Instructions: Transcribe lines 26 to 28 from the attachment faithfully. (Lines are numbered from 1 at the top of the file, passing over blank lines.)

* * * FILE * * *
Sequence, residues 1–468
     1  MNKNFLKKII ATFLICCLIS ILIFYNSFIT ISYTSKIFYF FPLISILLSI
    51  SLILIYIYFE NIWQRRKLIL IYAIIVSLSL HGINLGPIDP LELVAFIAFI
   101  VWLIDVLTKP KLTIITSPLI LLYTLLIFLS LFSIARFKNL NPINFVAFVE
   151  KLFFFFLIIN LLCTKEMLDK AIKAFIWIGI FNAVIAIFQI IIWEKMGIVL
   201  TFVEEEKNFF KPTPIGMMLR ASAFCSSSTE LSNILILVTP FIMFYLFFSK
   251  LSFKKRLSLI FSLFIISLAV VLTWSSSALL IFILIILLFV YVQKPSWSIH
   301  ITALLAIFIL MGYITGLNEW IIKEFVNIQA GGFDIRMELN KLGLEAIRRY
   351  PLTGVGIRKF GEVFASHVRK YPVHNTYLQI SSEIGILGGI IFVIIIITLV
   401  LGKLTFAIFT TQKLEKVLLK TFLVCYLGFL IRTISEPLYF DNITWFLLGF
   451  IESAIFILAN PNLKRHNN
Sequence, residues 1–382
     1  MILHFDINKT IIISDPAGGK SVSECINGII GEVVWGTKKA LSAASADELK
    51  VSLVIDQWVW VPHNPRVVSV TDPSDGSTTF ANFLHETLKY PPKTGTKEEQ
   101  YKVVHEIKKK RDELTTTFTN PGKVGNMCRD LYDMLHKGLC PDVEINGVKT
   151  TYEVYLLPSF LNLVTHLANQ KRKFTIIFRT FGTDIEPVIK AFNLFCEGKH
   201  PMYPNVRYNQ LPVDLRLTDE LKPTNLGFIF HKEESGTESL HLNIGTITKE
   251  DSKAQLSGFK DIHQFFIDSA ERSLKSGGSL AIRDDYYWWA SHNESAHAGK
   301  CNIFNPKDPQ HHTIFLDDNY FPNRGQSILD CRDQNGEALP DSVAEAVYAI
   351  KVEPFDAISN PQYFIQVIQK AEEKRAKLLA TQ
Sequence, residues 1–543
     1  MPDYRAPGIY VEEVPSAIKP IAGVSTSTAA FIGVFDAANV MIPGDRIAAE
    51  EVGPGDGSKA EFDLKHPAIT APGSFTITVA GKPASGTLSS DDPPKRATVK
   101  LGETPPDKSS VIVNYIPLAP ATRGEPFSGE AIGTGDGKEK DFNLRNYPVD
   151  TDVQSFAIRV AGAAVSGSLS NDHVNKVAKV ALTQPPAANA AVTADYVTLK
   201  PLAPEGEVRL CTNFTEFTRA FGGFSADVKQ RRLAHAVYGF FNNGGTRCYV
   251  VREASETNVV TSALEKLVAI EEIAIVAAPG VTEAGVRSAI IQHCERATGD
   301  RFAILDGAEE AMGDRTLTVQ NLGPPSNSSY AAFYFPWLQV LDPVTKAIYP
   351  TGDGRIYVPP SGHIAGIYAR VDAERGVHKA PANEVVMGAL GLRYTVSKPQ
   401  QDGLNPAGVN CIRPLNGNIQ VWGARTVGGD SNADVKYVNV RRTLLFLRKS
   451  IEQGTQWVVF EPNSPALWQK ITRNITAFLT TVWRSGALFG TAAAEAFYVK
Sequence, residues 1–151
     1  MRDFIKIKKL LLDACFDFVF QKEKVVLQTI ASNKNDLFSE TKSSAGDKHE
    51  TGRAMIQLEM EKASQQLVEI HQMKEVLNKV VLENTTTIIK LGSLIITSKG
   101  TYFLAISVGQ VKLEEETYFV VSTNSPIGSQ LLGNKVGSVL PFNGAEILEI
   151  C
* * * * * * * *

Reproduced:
   201  PLAPEGEVRL CTNFTEFTRA FGGFSADVKQ RRLAHAVYGF FNNGGTRCYV
   251  VREASETNVV TSALEKLVAI EEIAIVAAPG VTEAGVRSAI IQHCERATGD
   301  RFAILDGAEE AMGDRTLTVQ NLGPPSNSSY AAFYFPWLQV LDPVTKAIYP